However, Obama reportedly is still interested in overhauling the U.S. Internal Revenue Code.

Olson's report, along with a new group of not-yet-so-beholden to lobbyists legislators in the new 112th Congress, just might jump start the discussions.

We have met the special interests and they are us: Olson acknowledges that tax reform will be difficult, in large part because, despite my jab at special interest peddlers who stalk Capitol Hill, all of us individual taxpayers have our own tax axes to grind.

"The dirty little secret is that the largest special interests are us, the vast majority of U.S. taxpayers," said Olson. "Virtually all of us benefit from certain exclusions from income, deductions from income or tax credits."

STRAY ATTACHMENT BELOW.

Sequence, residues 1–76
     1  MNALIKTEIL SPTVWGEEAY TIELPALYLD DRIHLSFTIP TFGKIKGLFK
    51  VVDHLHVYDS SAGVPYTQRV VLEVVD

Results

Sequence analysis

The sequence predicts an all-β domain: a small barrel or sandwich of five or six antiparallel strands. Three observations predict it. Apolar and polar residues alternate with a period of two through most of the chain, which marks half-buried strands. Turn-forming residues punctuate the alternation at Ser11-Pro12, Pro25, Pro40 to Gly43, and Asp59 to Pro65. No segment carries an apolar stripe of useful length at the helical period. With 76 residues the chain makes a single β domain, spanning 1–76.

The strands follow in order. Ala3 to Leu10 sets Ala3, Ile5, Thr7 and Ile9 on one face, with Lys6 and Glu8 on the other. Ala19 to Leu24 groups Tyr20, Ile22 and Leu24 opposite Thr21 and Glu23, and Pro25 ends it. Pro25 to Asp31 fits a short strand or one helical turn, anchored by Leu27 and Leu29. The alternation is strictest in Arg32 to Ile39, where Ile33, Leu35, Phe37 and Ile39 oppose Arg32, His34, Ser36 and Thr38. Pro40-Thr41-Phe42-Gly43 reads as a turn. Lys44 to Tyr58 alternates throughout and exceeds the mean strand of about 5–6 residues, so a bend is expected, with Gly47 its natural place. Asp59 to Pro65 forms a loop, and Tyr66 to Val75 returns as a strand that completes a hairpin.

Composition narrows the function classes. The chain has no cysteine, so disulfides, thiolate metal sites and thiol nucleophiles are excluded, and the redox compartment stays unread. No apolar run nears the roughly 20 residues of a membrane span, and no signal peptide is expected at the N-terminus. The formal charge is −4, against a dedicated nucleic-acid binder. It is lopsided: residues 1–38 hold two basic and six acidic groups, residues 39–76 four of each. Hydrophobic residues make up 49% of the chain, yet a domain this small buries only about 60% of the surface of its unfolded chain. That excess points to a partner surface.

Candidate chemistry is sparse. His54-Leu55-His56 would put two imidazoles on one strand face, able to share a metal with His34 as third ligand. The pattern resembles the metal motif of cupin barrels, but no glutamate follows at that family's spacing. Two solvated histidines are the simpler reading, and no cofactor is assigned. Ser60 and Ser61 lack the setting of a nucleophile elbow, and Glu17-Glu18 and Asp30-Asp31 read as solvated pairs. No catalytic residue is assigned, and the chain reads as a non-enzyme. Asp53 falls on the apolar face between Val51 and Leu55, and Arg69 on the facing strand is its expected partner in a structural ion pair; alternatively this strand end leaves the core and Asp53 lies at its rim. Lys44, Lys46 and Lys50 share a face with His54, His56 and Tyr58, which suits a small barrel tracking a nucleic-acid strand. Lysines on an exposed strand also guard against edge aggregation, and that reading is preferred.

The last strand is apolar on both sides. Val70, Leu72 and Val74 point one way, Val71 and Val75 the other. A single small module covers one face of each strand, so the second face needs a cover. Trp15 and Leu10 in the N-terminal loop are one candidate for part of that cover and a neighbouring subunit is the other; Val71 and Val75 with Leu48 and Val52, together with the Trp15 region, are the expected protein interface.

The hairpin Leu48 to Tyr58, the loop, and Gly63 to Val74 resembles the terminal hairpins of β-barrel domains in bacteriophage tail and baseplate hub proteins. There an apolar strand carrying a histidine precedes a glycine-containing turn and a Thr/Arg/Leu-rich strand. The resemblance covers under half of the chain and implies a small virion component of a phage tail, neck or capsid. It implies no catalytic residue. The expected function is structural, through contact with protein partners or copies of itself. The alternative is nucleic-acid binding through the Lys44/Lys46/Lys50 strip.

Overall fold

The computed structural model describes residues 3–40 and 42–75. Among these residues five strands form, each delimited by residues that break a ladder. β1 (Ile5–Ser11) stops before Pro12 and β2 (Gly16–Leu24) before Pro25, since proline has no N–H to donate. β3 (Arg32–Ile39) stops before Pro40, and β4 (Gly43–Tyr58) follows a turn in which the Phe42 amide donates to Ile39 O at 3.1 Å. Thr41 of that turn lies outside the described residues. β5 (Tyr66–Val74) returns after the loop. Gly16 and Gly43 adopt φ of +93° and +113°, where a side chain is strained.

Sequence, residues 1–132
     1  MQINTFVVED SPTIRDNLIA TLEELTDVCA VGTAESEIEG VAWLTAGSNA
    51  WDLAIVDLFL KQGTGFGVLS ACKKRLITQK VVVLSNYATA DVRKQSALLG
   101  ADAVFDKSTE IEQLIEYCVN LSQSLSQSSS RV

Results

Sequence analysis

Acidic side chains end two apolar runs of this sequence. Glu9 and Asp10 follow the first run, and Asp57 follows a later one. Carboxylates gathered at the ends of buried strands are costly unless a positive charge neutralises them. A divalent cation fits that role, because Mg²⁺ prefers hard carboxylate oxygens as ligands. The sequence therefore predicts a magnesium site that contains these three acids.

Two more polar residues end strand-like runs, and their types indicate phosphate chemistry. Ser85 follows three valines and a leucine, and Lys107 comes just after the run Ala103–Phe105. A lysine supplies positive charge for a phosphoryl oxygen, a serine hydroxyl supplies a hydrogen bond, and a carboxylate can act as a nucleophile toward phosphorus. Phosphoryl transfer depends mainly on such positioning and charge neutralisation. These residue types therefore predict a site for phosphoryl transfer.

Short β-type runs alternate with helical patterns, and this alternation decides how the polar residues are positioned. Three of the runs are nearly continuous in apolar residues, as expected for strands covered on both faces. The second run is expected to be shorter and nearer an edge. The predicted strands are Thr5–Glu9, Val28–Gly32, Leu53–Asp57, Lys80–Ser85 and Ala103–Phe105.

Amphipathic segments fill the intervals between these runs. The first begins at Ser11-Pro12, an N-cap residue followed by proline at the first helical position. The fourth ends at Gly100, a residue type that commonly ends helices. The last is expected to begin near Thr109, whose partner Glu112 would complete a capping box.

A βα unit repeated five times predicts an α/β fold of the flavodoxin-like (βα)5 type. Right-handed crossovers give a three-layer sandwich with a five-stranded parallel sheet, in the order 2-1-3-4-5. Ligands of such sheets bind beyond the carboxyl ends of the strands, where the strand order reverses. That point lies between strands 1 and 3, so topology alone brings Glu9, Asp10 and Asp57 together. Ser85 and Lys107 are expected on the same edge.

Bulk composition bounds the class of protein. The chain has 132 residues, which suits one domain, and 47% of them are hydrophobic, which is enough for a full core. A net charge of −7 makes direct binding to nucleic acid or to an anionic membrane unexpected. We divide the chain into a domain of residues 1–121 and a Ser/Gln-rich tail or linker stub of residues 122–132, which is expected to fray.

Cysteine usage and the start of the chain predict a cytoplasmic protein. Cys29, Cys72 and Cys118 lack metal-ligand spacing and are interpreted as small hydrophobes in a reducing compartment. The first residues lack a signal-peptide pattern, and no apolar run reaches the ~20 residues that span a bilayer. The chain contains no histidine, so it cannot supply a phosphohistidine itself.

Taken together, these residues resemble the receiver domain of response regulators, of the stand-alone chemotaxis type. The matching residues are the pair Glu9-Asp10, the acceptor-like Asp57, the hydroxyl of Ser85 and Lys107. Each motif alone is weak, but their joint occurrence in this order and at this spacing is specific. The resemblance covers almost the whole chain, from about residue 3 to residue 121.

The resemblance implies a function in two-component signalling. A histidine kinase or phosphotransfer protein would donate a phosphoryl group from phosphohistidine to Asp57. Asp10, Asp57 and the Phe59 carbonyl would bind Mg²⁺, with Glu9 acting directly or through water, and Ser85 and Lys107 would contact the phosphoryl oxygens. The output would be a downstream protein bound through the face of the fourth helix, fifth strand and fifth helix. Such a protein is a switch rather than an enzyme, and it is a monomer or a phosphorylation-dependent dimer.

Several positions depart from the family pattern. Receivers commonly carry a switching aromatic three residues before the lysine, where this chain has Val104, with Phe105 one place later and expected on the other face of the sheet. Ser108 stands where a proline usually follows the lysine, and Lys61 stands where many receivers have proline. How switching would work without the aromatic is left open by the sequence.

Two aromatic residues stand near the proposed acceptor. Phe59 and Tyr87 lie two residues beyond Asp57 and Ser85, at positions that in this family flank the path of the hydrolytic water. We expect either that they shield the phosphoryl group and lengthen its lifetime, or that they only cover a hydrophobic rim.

She concurs with the deficit panel's finding that the only realistic way to substantially lower tax rates is to eliminate existing tax breaks, some immediately and others phased out over time.

"But I believe most taxpayers will conclude this is a worthwhile trade-off," said Olson. "If tax reform proceeds on a revenue-neutral basis, the average taxpayer's liability will not change, and we will end up with a tax system that is simpler, more transparent, and easier and cheaper for taxpayers to navigate."

A lot of folks say they want just what Olson is talking about. But walking the walk is a lot harder than talking the tax reform talk, especially if one of your preferred tax breaks is on the immediate chopping block.

Talk to the Taxpayer Advocate: In conjunction with the release of the annual report, the National Taxpayer Advocate's office also launched a website seeking taxpayer suggestions on tax reform.

"What would taxpayers be willing to give up if they knew that others are giving up their breaks and the end result would be a much simpler system?" Olson asked. "What particular provisions of the existing tax system are especially burdensome or seem particularly unfair?"